Paperless Finance: How it makes saving money simple
The simplest, and perhaps most important aspect of financial literacy is the ability to track, save, and budget our expenditures. Financial literacy is inextricable to the well-being of our lives and families. This is common knowledge. But it’s not common practice, is it? Studies have revealed that globally, financial literacy is shockingly low. With all of today’s technology, we have to wonder, why is this the case?
There are many pathways we could sift and dribble through to explain this phenomenon. However, the simple truth is that people don’t have the time. At least, they don’t think that they do. In fact, some of the most significant problems facing the economic landscape are crises of attention.
We’re busier than ever because we’re more distracted than ever. Rushing to the store and tapping the debit card or Apple Pay service to get what we need quickly, never thinking to stop and actually catalog the transactions. Thousands, and thousands of transactions. As inflation rises to the worst highs in decades it is of course imperative for the individual to make a change in their expenditure tracking.
Saving well, budgeting, and making smart financial decisions– these are not merely habits to acquire through the use of tools and fancy frameworks. Our purchases and transaction history are quite adept representations of our personalities and lifestyles. They are psychological, to say the least.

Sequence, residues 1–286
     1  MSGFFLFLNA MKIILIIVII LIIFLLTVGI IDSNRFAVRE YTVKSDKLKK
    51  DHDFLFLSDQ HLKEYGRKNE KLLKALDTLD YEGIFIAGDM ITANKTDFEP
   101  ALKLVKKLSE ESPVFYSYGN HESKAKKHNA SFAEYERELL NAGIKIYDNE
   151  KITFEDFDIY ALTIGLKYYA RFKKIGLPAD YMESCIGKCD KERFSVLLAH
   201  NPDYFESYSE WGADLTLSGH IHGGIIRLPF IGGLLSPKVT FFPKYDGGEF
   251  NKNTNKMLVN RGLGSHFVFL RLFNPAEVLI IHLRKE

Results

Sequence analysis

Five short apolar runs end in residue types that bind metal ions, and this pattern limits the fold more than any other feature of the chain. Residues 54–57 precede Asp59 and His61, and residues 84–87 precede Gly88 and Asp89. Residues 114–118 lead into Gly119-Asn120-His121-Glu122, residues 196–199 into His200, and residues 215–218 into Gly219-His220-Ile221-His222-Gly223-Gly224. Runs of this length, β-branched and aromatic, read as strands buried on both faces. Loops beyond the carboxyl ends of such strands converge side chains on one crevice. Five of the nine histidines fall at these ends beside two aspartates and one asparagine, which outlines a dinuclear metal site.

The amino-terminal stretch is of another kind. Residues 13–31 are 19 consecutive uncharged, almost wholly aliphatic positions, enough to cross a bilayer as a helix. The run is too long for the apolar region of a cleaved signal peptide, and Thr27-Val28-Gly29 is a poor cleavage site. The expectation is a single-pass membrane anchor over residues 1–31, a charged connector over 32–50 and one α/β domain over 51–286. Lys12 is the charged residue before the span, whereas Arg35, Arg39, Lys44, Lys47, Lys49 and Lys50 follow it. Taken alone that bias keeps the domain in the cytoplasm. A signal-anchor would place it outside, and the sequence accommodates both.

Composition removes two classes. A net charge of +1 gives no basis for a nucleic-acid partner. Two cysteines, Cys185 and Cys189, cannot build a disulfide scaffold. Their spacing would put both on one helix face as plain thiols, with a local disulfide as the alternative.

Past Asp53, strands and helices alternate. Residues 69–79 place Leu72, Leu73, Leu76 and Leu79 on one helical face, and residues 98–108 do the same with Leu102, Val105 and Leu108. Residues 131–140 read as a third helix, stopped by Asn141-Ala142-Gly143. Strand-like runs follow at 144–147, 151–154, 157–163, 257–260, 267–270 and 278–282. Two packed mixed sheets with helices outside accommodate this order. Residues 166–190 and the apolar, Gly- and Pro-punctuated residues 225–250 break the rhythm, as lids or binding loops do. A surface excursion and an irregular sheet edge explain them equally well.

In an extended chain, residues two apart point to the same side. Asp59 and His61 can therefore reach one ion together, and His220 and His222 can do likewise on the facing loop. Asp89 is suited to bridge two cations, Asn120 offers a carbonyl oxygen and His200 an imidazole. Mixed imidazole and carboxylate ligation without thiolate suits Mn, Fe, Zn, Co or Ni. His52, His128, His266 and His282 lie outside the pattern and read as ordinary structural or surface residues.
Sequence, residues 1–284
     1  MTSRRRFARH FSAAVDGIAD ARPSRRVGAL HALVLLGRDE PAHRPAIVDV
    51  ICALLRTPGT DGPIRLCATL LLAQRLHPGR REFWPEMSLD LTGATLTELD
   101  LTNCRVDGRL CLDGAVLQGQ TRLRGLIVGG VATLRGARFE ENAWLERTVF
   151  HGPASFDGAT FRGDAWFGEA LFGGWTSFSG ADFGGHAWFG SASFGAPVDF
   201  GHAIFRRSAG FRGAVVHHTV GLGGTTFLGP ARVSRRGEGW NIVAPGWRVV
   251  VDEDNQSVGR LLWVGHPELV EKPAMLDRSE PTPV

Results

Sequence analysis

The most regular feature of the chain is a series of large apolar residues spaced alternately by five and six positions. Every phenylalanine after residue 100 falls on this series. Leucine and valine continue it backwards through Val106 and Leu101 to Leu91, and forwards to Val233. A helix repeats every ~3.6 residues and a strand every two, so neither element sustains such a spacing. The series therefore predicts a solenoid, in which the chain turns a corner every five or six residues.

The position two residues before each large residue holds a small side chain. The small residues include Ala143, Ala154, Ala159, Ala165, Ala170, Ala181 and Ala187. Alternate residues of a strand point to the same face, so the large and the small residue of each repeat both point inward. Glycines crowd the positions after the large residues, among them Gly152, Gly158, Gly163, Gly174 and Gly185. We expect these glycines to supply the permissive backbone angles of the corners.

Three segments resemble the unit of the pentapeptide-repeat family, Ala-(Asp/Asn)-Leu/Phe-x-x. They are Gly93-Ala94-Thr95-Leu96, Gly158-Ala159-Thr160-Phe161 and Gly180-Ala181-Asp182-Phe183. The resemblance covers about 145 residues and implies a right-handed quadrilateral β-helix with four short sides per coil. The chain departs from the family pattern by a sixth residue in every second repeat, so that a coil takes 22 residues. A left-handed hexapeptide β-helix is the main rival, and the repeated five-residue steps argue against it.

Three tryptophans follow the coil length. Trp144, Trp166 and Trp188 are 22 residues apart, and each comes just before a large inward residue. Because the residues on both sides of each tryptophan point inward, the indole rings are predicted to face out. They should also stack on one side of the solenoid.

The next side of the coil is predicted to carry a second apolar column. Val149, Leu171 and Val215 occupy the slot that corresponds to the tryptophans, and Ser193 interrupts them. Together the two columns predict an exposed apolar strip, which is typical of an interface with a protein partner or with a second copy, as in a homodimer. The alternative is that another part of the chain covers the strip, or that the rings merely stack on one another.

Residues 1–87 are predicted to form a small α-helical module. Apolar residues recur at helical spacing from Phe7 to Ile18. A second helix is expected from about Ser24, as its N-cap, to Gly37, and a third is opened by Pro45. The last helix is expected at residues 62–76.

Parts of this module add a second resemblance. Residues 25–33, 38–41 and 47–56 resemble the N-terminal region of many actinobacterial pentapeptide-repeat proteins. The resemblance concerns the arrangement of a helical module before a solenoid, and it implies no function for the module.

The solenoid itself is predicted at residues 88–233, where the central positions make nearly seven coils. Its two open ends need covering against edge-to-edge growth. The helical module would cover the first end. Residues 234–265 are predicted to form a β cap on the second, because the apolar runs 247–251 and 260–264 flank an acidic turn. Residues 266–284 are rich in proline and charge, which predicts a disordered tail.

Save for actual necessities like rent, mortgage payments, food, or hydro, we buy things out of emotion. We buy things because we are happy, we buy things because we’re afraid, angry, impulsive, sympathetic, curious, passionate, and so on. It seems that the key to correcting our purchasing habits is to adjust our attitudes. This starts, of course, by taking a very close look at an itemized list of everything we’ve purchased in recent history.
To no surprise, there is an abundance of studies displaying a problematic relationship between our smartphones and subsequent spending habits. They operate by the same cognitive reward system. Not to mention that the physical ease of buying something online has become astoundingly simple, it’s at the touch of the fingertips. Don’t get me wrong, sometimes we can buy something good on a whim, however, the reality is that the majority of financial troubles result from repeating bad decisions.
If smartphones are part of the problem, the answer is not to avoid them, but to embrace their educational capacity. We should use them to our advantage. For the last several years Yubilly has worked on making this process smooth, effortless, and dynamically informative. We want to bring the ease of financial excellence to the palm of a hand.
Now, to convey some practical advice, I would like to bring forward some findings of the Yubilly Market Research Team. Please look below for a guide curated by our finance team to start using paperless receipts to track and save your money better:
Yubilly QR codes automatically archive your purchases on a fast and secure network accessible by iOS and Android software. This archive is extremely beneficial to those interested in recording, sorting, and learning more about their purchases and purchase patterns.
Yubilly is a third-party application unmonitored by institutions or private enterprises. This means your personal information is 100% offline. Simply scan the QR code (or share your Yubilly email address) upon purchasing something and the information will upload to the archive. It is fast, secure, and easy to access. Watch your expenditures lineage in a readable, trackable list that explains your financial behaviour on chronological, real-world scales. For more information, visit our About Us page, or see How it Works.